A suggestion may direct the thoughts to notice a new concept, focus on a specific area within the world, offer new perspectives which may later influence action-choices, offer triggers for automatic behaviour (such as returning a smile), or indicate specific action types. In hypnotherapy the portrayed realistic experience of the client's requested outcome is suggested with flattery or urgency, as well as personalised to the client's own motivations drives and taste.
Common experience of suggestions[edit | edit source]
Suggestions are not necessarily verbal, spoken, or read. A smile, a glare, a wink, a three-piece suit, a scientist's white coat, are all suggestive devices which imply much more than the immediate action. A hypnotist uses techniques which follow-up on or utilise these instinctive "fillings-in of the gaps" and changes to how we respond to a scenario or moment. In the therapy setting a hypnotist or hypnotherapist will likely evaluate these automatic cognitive leaps, or dogma, or any self-limiting or self-sabotaging beliefs.
Being under the influence of suggestion can be characterised as exhibiting behavioral compliance without private acceptance or belief. That is, actions being inconsistent with one's own volition and belief system and natural unhindered action-motivations. This could hinder the autonomy, expression or self-determination of an individual. It could equally supersede emotions with rationally chosen, deliberate long-term results.
Experimental suggestion vs. clinical suggestion[edit | edit source]
The applications of hypnosis vary widely and investigation of responses to suggestion can be usefully separated into two non-exclusive broad divisions:
- Experimental hypnosis: the study of "experimental suggestion", of the form:
- "What is it that my group of test subjects actually do when I deliver the precise standard suggestion ABC to each of them in the same experimental context?"
- (i.e., given a fixed suggestion, what is the outcome?)
- Clinical hypnosis: the study of "clinical suggestion", which is directed at the question:
- "What is it that I can possibly say to this particular subject, in this specific context, in order to generated my goal outcome of having them do XYZ?"
- (i.e., given a fixed outcome, what is the suggestion?)
It is important to recognize that many scholars and practitioners use the wider term clinical hypnosis in order to distinguish clinical hypnosis in as rigorously controlled a trial setting as possible, from clinical hypnotherapy (i.e., a clinical intervention in which therapy is conducted upon a hypnotized subject).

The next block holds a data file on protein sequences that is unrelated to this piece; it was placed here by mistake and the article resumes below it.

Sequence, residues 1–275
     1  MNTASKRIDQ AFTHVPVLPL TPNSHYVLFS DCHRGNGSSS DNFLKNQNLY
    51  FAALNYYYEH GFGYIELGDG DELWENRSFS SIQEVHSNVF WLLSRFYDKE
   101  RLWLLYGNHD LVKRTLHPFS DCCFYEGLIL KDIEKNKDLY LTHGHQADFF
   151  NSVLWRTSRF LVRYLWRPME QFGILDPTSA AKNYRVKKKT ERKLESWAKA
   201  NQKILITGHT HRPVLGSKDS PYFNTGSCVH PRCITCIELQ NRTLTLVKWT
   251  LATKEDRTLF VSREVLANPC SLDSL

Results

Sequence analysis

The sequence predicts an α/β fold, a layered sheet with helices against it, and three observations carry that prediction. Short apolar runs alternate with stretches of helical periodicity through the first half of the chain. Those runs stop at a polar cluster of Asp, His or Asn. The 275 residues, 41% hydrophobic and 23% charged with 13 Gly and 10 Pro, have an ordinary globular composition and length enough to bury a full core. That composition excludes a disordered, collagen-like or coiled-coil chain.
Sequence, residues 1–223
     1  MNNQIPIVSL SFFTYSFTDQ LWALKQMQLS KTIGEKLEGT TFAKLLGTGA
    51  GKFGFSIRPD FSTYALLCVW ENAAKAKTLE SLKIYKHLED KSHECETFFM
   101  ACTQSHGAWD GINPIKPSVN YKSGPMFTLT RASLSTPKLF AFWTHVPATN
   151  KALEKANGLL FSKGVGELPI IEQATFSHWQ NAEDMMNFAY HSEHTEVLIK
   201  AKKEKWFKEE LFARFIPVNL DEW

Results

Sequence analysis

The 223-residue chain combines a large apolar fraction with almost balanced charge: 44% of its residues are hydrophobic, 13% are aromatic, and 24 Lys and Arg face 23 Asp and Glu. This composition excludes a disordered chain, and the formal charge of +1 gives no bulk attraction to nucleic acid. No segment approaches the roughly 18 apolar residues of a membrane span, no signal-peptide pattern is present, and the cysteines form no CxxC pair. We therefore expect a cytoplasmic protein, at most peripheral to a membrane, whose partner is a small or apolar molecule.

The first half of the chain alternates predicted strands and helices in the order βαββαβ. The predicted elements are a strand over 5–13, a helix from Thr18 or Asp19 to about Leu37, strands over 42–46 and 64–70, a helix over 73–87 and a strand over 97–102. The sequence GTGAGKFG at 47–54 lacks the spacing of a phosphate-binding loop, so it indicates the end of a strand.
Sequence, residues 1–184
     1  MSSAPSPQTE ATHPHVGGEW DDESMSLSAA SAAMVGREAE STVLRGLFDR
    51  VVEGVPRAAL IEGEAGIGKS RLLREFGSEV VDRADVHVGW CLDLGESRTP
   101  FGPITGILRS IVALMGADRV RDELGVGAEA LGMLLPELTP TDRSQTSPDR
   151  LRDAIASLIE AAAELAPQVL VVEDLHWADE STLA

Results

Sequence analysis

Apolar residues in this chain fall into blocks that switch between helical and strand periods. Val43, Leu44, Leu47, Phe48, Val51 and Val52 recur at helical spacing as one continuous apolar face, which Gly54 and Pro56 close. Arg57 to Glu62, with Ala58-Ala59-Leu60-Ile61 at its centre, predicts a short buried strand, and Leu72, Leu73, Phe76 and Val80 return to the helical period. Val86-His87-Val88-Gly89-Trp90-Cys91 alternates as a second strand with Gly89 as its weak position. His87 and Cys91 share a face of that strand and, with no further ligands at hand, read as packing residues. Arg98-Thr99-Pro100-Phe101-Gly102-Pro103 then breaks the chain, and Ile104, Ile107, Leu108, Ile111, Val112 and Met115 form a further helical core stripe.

Measurement[edit | edit source]
Non-state explanations of hypnotic responsiveness[edit | edit source]
According to some theoretical explanations of hypnotic responses, such as the role-playing theory of Nicholas Spanos, hypnotic subjects do not actually enter a different psychological or physiological state; but, rather, simply acting on social pressure — and, therefore, it is easier for them to comply than to disobey. Whilst this view does not dispute that hypnotized individuals truly experience the suggested effects, it asserts that the mechanism by which this has taken place has, in part, been "socially constructed" and does not, therefore, require any explanation involving any sort of an "altered state of consciousness".
Other cases of suggestibility[edit | edit source]
It is claimed that sufferers of Post Traumatic Stress Disorder and Dissociative Identity Disorder are particularly suggestible.[How to reference and link to summary or text] While it is true that DID sufferers tend to score to the higher end of the hypnotizability scale, there have not been enough studies done to support the claim of increased suggestibility.[How to reference and link to summary or text]
See also[edit | edit source]
- Collective cognitive imperative
- Crowd psychology
- False confessions
- False memory
- Hypnotic susceptibility
- Interpersonal influences
- Posthypnotic suggestions
- The Seven Sins of Memory, whereof suggestibility is one
Notes[edit | edit source]
- Wagstaff, 1991, p.141.
- Subjects participating in hypnotic experiments commonly report that their overt responses to test-suggestions occurred without their active volition. For example, when given a suggestion for arm levitation, hypnotic subjects typically state that the arm rose by itself — they did not feel that they made the arm rise. (Spanos & Barber, 1972, p.510)
- Wagstaff, 1991, p.141.
- citation needed!!
- citation needed!!
References[edit | edit source]
- Aveling, F. & Hargreaves, H.L., "Suggestibility With And Without Prestige In Children", British Journal of Psychology, Vol.12, No.1, (June 1921), pp.53-75.
- Barber, T.X., "Comparison of Suggestibility during “Light Sleep” and Hypnosis", Science, Vol.124, No.3218, (31 August 1956), p.405.
- Benton, A.L. & Bandura, A., "“Primary” and “Secondary” Suggestibility", Journal of Abnormal and Social Psychology, Vol.48, No.3, (1953), pp.336-340.